(7) conf(XY)=supp(XY)/supp(X)
where X and Y are frequent attribute value sets (e.g. an association rule X⇒Y can be {x1,x5}⇒{x3}). In this way, the CPB with confidence level higher than the pre-defined threshold will be selected as the association rules.

4.2 Classification analysis

The classification analysis for data mining aims at exploring the pattern difference between data sets that belong to different classes. Although classification algorithms are developed for decades and are widely used in many areas, most of classification model been generated (such as neural networks) cannot be interpreted. Moreover, for these interpretable models (such as decision trees), the classification accuracy cannot be guaranteed and the extraction of patterns (the knowledges we need) from the model have to be conducted manually which requires many professional efforts. Therefore, in this paper, we implement a powerful interpretable classification algorithm named Random Forest to achieve higher classification accuracy, and implement an algorithm named DPclass to automatically extract rule-based patterns from the Random Forest model.

By choosing target classes and performing data training with Random Forest algorithm, classification model which can distinguish data samples in different classes are generated. The classification model consists of an ensemble of Decision Tree classifiers. Each classifier can generate a classification decision for the current data sample. A final decision can be made based on a vote mechanism so that a decision supported by a majority of the classifiers can be selected (Gao et al., 2017). Compared with other classification algorithms, it has been well proved by researchers that random forest algorithm can achieve better performance on high-dimensional data sets.

After the data training, we use DPclass algorithm to extract discriminative patterns from the Random Forest model (Gao et al., 2017). The major principle of DPclass is searching the local optimal solution iteratively and fusing these solutions to approximate the global optimal pattern. Instead of considering different patterns independently, DPclass can extract patterns based on the effects of the pattern combinations. Therefore, compared with other methods, the pattern extracted by DPclass are more interpretable and less overlapping. The patterns extracted by DPclass refers to a conjunction clause of conditions on feature dimensions which can be defined as follows:

(8) Pn=(xi,j1<v1)(xi,j2v2)(xi,jmvm)
where xi is the i-th data attributes, j is the specific dimension, v indicates the threshold value and m is number of feature within this pattern. After collecting the instances from non-leaf nodes of the decision trees, the patterns extract from every prefix path from the root of a tree to its non-leaf node. Eventually, the patterns that describe the difference between classes can be obtained from random forest model, and these patterns will be represented as a set of rules.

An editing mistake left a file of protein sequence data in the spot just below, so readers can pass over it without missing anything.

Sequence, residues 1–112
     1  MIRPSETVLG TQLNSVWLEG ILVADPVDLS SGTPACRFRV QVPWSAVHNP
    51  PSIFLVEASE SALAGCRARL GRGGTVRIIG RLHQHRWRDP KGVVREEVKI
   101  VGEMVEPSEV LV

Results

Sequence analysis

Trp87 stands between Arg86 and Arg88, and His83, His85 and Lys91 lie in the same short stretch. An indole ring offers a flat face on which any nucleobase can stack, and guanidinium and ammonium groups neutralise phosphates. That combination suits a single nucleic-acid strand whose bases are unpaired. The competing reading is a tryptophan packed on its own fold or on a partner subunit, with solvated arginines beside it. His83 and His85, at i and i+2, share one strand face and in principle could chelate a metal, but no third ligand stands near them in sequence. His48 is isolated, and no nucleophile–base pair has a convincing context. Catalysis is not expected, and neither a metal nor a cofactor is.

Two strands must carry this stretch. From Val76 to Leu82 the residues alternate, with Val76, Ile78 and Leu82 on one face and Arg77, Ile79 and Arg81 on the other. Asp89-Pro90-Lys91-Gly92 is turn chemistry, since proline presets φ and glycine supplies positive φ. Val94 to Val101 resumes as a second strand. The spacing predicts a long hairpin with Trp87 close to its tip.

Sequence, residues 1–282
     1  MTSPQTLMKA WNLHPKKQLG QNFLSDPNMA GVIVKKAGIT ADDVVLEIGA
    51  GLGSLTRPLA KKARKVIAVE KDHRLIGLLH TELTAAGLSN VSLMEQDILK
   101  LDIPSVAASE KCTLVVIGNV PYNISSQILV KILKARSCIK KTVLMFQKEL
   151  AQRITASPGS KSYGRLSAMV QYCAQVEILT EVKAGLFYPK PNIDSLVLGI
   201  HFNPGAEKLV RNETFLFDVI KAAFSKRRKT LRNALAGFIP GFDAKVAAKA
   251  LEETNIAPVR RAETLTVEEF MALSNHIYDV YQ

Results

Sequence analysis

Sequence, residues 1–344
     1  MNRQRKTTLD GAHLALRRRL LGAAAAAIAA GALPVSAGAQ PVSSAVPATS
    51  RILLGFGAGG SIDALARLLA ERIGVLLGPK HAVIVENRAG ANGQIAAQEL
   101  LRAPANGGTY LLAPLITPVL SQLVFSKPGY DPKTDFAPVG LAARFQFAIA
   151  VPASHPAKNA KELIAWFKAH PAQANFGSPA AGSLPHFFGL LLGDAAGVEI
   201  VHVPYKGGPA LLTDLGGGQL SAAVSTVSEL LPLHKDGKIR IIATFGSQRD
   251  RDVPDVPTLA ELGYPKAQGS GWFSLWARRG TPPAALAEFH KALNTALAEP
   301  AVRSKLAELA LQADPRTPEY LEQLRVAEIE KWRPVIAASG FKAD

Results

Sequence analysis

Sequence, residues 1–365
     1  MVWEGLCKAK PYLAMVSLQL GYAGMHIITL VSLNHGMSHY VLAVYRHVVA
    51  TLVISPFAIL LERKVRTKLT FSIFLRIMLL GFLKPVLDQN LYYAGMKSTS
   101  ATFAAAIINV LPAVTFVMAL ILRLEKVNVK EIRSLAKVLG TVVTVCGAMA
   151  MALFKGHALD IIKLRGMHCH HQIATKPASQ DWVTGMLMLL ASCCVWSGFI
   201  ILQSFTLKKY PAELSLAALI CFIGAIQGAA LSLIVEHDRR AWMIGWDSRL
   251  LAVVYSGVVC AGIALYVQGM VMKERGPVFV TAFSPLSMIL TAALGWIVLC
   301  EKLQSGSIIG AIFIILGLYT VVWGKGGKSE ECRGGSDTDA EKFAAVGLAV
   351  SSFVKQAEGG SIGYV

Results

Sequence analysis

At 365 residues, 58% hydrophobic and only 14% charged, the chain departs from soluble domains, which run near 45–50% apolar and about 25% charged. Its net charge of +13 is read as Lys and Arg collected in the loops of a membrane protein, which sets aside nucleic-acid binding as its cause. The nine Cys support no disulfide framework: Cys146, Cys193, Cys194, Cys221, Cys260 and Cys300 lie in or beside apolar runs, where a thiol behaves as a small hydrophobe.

When performing classification analysis on large-scale data set such as CGSS data set, redundant patterns might be extracted. To ensure the qualities of the output patterns, we apply the forward pattern selection to find the rules with higher quality (e.g. top-k patterns). We define the forward selection function as:

(9) fs:{0,1}|m|{0,1}|k|
where m is the dimension of the discriminative pattern, and k is the number of the patterns we want to get. To find top-k rules, the forward selection function needs to run iteratively for k times. At each iteration, each discriminative pattern p that not in the discriminative pattern set Pk will be traversed. At the end of each iteration, find the p that maximizes the accuracy of the prediction and add it into the old Pk. In this way, we get the final set Pk which contains top-k discrimination patterns we need.

4.3 Clustering analysis

The clustering algorithms aims at grouping the data samples into cluster a way that the data distribution pattern of data samples within the same cluster are more similar compared with samples in other clusters. The clustering analysis can be used to classify the social population into groups in an unsupervised manner and explore the inherent similarity of these social groups.

Most of clustering algorithms cannot extract interpretable patterns from data set, as the boundaries of clusters generated by these clustering algorithms are irregular and cannot be described with interpretable patterns. In this paper, by using the discriminative rectangle mixture model algorithm (DReaM) (Tibshirani, 1996), clusters with rectangle-shaped boundaries can be generated. In this way, the cluster boundary can be described by interpretable patterns which are formed as decision rules. A vector tkd=[tkd,tkd+]T was defined to represent the decision boundaries, where k is the num of the cluster and d means dimension. The algorithm is designed by assuming that tkd is a sample from a multivariate Gaussian distribution, tkdN(μ˜kd,σ˜kd), where μ˜kd is the mean and σ˜kd is the covariance. If sample xn satisfies tkd<xn<tkd+, xn is inside the decision rectangle and belongs to cluster k. Hence, we can get a prior distribution probability p(tkd) to each decision boundary tkd based on the equation below.